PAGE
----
Published by Tribune News Service
As Secretary of Education Betsy DeVos sets out to reform America’s underperforming public schools, let’s hope she puts their appalling lack of personal finance instruction near the top of her priority list. Our nation’s high schools are flunking badly when it comes to imbuing their students with the key elements of financial literacy.
A 2016 study by the Council for Economic Education found that only 17 states require high school students to take courses in personal finance. That’s particularly distressing when you consider that the final year of high school is, for many young people, the last great opportunity to acquire financial literacy before entering today’s costly, complex and rapidly changing world.
Personal finance courses don’t require teachers with advanced degrees. Almost any teacher who can balance a checkbook can follow some already successful course guidelines to impart financial basics to graduating seniors.
“To be successful, most kids don’t need to learn about collateralized debt instruments, but they do need to know how to open a bank account, how much they need to save each month to reach their goals and, if they borrow this amount of money, how much money they will need to earn to pay it back,” said Nan J. Morrison, president and CEO of the Council for Economic Education, in an interview with CNBC following the report’s release.
She and other personal finance advocates are responsible for many of the recent gains made in the establishment of what some call “everyday economics” in high school classrooms. In 1998, only 14 states required that high schools give their seniors a rudimentary knowledge of personal finance. Now 37 states do, meaning more students are receiving finance lessons in their civics and math classes.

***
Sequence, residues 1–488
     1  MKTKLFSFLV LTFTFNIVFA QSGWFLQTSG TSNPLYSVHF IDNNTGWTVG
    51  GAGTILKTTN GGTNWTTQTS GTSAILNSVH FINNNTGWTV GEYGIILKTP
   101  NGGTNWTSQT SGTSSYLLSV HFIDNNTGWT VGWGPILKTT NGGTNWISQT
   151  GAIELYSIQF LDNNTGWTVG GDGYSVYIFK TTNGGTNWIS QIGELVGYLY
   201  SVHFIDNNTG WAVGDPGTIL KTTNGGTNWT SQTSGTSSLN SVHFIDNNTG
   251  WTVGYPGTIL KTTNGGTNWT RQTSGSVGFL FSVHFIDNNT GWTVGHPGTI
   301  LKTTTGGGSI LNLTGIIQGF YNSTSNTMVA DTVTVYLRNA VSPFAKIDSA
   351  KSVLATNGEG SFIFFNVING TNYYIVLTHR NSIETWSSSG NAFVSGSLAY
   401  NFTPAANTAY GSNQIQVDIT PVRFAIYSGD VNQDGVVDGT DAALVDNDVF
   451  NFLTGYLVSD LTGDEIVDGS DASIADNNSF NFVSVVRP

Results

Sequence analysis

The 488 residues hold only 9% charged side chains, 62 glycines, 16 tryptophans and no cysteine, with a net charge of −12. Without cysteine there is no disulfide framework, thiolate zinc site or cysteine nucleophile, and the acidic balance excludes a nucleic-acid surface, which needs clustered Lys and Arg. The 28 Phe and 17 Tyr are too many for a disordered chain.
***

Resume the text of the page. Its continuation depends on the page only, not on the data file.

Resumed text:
And over the last few years, populous states like New York and Illinois have toughened standards. Washington state has new legislation doing the same. But while more states are implementing personal finance standards, the number of states that require high school students to take an actual course in personal finance — 17 — has remained unchanged since 2014, according to the study. That’s truly unfortunate. The states with the most rigorous personal finance requirements send their students on to college and into the real world with a measureable head start.
Data recently released by the Investor Education Foundation show high school students who passed mandatory personal finance courses have better-than-average credit scores and lower debt delinquency rates as young adults. The IEF study found “notable improvements” in credit outcomes for young adults ages 18-22 in three states — Idaho, Georgia and Texas — where financial education mandates are considered rigorous by the Council for Economic Education.
Personal finance courses provide an important leg-up to students in low-income areas with lagging schools. A key driver of the perpetuation of poverty is that young people in economically challenged areas are often unemployed or underemployed and find themselves at the mercy of loan sharks and payday loans with stratospheric interest rates.
Hemmed in by poverty, recent graduates in these communities find themselves struggling to pay bills and manage what little money they have. As Morrison told CNBC: “Exposure is everything. When you learn good habits, you tend to have better outcomes.”
About The Writer
K. Alexander Ashe is the CEO and founder of Spendcast, a tech firm that develops finance-focused apps. Readers may email him at email@example.com.
2017 Tribune Content Agency, LLC
Distributed by Tribune Content Agency, LLC.
In environmental psychology, you learn people like to manipulate their surroundings.
From choosing how your dwelling looks, to moving chairs in a public space one inch before you sit down. People firmly believe they’re in control and make their own decisions.